Warning that Coal India Ltd. (CIL) should not ignore the mandate of the April 4 Presidential directive to protect the commercial interests of the company, CIL independent directors have warned the Coal Ministry and CIL that the proposal of the Central Electricity Authority (CEA) would benefit only the independent power producers (IPPs) at the cost of public money.

In a dissenting note to CIL and forwarded to the Coal Ministry, the independent directors have asked the official directors of the company to re-consider their stand in view of the grave legal, commercial, economic and ethical problems arising out of their supporting the CEA views.

The CEA had mooted a proposal which required CIL to import around 20 million tonnes of coal in 2012-13 and supply the same at a subsidised price (nearly half of the cost price) to IPPs, resulting in a loss of Rs.3,000 crore annuallyto the company.

Spread over 20 years, the anticipated loss to CIL would be around Rs.60,000 crore.

  The CEA had also proposed that the losses might be made good by increasing the prices of indigenous coal to about Rs.100 a tonne for all power producers.

“The CEA itself provides for passing through of the increased coal price to power consumers.

“Ultimately, the increase in cost is to be borne by the domestic consumers while the IPPs will get subsidised imported coal at half the cost,’’ the note states.

Further more, the note states that the decisions of CIL in finalising the terms of the fuel supply agreements (FSAs), including the trigger point at 80 per cent of annual contracted quantity (ACQ) and the rate of penalty at 0.01 per cent taken on April 16, were a result of wide and deep deliberations carried out at several meetings of the CIL board this year in pursuance of the April 4 Presidential directive.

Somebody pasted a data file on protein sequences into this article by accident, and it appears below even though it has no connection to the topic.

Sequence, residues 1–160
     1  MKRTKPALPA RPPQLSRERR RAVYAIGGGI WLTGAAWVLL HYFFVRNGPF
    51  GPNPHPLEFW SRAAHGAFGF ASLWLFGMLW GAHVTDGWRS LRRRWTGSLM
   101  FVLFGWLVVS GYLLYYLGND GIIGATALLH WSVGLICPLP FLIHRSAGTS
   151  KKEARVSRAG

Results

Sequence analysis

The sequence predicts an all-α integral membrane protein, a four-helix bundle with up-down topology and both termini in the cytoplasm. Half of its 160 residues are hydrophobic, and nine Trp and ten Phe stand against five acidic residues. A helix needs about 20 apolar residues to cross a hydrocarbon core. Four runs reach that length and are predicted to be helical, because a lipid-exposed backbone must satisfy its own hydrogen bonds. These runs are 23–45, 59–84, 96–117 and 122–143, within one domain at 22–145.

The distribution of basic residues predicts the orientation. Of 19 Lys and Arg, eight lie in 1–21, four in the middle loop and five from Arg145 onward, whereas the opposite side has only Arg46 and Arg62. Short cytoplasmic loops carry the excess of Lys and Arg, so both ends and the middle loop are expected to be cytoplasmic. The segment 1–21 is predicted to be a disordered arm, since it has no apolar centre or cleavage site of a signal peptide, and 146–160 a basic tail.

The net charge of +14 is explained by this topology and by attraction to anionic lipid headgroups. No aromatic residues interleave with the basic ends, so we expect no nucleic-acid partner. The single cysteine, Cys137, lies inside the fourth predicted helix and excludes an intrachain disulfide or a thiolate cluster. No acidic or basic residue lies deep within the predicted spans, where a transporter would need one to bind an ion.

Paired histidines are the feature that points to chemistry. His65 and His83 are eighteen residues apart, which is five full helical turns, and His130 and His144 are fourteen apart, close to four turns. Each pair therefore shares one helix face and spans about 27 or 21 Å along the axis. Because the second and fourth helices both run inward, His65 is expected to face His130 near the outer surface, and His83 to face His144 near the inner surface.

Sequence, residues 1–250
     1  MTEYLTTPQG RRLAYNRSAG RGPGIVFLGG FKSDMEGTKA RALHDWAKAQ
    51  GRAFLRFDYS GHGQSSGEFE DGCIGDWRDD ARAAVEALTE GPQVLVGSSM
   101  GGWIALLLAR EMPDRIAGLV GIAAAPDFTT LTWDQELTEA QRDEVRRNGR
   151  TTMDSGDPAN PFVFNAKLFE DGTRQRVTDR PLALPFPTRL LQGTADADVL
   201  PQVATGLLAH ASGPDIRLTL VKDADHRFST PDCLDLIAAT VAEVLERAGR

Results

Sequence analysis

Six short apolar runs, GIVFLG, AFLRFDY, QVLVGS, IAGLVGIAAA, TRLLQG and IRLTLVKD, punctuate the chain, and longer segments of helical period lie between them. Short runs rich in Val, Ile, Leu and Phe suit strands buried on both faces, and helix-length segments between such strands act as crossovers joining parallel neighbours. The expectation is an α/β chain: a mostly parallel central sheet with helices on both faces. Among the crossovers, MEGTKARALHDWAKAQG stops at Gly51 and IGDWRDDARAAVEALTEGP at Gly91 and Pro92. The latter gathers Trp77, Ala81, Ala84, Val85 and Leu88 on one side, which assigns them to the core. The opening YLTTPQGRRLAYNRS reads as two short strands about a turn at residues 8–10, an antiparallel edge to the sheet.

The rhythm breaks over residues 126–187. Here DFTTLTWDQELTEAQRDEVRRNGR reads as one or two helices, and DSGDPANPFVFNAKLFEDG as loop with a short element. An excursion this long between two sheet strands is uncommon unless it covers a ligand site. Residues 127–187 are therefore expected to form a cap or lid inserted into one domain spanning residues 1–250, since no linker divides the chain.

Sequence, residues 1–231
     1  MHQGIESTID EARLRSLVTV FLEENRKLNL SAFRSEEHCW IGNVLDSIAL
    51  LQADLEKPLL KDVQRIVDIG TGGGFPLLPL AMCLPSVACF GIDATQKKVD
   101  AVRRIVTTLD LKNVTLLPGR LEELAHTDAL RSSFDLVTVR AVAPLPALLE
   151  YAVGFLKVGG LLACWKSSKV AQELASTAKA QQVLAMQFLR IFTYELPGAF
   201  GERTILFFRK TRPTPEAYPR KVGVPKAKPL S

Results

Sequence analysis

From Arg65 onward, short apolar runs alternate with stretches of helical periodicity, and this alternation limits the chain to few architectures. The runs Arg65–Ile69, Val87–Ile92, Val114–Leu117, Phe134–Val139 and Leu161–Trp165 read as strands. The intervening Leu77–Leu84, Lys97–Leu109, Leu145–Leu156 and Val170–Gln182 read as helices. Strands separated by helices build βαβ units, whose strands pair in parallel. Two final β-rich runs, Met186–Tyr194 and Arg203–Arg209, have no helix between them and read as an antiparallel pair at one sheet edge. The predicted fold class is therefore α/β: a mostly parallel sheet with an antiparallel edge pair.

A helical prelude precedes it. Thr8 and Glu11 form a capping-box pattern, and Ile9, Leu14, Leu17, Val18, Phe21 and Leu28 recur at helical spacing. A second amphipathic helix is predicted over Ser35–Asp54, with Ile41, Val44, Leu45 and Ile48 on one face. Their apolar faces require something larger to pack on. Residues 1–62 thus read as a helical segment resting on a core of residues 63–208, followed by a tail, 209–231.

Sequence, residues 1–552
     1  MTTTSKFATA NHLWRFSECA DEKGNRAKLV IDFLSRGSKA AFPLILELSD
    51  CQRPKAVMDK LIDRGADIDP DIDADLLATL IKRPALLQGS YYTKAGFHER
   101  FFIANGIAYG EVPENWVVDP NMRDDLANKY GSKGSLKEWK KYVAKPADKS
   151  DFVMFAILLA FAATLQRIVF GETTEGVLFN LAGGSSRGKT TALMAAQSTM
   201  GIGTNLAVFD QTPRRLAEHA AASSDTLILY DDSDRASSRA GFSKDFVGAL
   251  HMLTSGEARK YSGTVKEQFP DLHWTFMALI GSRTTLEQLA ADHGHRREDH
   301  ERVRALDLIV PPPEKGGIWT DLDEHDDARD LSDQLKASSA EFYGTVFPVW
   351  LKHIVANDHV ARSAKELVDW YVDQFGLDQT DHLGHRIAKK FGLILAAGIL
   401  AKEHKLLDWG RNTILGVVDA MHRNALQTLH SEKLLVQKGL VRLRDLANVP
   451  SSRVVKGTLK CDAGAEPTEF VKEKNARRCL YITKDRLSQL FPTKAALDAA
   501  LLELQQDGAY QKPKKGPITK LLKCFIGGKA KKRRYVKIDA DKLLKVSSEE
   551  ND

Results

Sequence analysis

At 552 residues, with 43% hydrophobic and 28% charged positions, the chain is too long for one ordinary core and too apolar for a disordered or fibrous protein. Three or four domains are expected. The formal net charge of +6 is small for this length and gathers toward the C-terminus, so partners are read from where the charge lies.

“These decisions have already been implemented in the case of 29 private power producers, ’’ the note states.

It states that no arrangement has been made by the CIL management to protect the company or its directors against allegations and proceedings likely to come up by deviating from the Presidential directive. The note states that the new dispensations entail lowering the trigger points from 80 per cent of ACQ to 65 per cent but also seek to levy penalty ranging from 5 to 40 per cent of the quantity not delivered. This mechanism is sought to be justified on the ground of ensuring better performance of CIL.

“The management seems to agree with the premise that the qualitative changes for securing productivity can be obtained only by a threat of penalty of 40 per cent. To us, it looks like an arrangement to transfer thousands of crores of public money to the private power producers in the name of penalty over CIL,’’ it warns.

CIL has 17 directors and seven independent directors.

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